Amphetamine is a psychostimulant that is commonly prescribed to treat the following:
- Attention deficit hyperactivity disorder (ADHD)
- Chronic fatigue syndrome
- Other conditions associated with the central nervous system
Adderall is one of the most commonly used drugs containing amphetamine. Amphetamine acts by increasing levels of dopamine and norepinephrine which causes euphoric feelings. Amphetamine is classified as a Schedule II drug by the Drug Enforcement Administration. A Schedule II classification means that the drug is all of the following:
- Accepted as having a medical use
- Recognized as having high potential for abuse
- Highly regulated
- Can possibly produce psychological and physiological dependence
When abused, and even when used as recommended, tolerance to the drug develops quickly. As a result, extended use of amphetamine brings about the need for larger dosages in order to attain the same desired effects.
In addition to being used to achieve a high, there are various other reasons why amphetamine is abused. Many college students have used amphetamines such as Adderall as a study-help drug. They find that the drug not only gives them the energy to stay awake for long periods of time but also increases concentration and motivation while they are studying. Many individuals have also used these drugs as a weight loss supplement, as it reduces appetite.
Amphetamine Addiction and Withdrawal
Amphetamine is highly addictive. When abused, the user feels the need to consume more and more of the drug in order to sustain the energy surge that is gained. When coming down from amphetamine, the user will experience a “crash” which arises from withdrawal. For addicts whose bodies have become dependent on the drug, these “crashes” will be more extreme. Withdrawal symptoms will also be experienced any time amphetamine use is ended or dosage is missed. These amphetamine withdrawal symptoms may include the following:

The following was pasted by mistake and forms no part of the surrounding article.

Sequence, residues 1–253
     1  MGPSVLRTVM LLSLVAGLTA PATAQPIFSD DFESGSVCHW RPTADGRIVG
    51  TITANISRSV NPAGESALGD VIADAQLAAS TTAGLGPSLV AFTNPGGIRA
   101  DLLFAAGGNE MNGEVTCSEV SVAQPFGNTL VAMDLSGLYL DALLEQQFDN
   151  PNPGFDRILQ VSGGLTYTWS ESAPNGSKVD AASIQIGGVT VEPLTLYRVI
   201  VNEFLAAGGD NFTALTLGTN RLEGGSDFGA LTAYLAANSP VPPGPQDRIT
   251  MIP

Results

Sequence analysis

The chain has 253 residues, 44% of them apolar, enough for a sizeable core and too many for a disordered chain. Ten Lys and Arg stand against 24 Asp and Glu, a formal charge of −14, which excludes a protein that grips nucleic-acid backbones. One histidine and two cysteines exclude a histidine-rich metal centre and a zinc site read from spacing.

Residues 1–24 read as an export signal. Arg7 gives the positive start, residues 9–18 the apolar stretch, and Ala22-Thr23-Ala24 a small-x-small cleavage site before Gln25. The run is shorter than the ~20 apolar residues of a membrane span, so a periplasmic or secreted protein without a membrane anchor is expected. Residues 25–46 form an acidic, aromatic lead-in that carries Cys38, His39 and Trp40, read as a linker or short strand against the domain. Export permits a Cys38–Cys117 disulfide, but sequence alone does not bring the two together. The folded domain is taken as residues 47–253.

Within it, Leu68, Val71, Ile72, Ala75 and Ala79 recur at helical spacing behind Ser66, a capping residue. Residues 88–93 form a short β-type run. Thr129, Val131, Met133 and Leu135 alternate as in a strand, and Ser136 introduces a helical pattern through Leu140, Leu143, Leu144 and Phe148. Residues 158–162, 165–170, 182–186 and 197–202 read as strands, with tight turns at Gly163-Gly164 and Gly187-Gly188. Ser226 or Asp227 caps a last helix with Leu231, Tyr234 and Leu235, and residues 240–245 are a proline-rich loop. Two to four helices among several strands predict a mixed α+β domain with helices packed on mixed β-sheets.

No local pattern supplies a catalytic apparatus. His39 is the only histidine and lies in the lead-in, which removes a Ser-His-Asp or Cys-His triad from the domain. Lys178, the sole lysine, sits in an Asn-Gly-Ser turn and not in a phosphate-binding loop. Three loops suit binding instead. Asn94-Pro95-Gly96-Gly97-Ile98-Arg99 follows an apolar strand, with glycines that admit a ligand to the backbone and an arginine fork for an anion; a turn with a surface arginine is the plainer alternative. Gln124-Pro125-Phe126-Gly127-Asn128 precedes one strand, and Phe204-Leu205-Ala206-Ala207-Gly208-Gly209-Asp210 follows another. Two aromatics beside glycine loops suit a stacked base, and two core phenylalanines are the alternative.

- Extreme fatigue
- Irregular or unusual behavior
- Loss of interest in daily activities
- Loss of appetite
- Thoughts of suicide
Amphetamine Detoxification and Rehabilitation
Amphetamine addicts must seek out the help of a medical professional to assist them in the safe and healthy detoxification process. The best place for an amphetamine addict to go is a residential rehabilitation center. In a residential rehab program addicts will receive the physical and psychological care that they need in order to achieve long term sobriety. Even after an amphetamine addict goes through the withdrawal process, they will need the assistance of professional drug counselors to deal with common problems of a recovering amphetamine user including depression, self-esteem issues and obesity.
Need Help Rehabilitating from Amphetamine Addiction?
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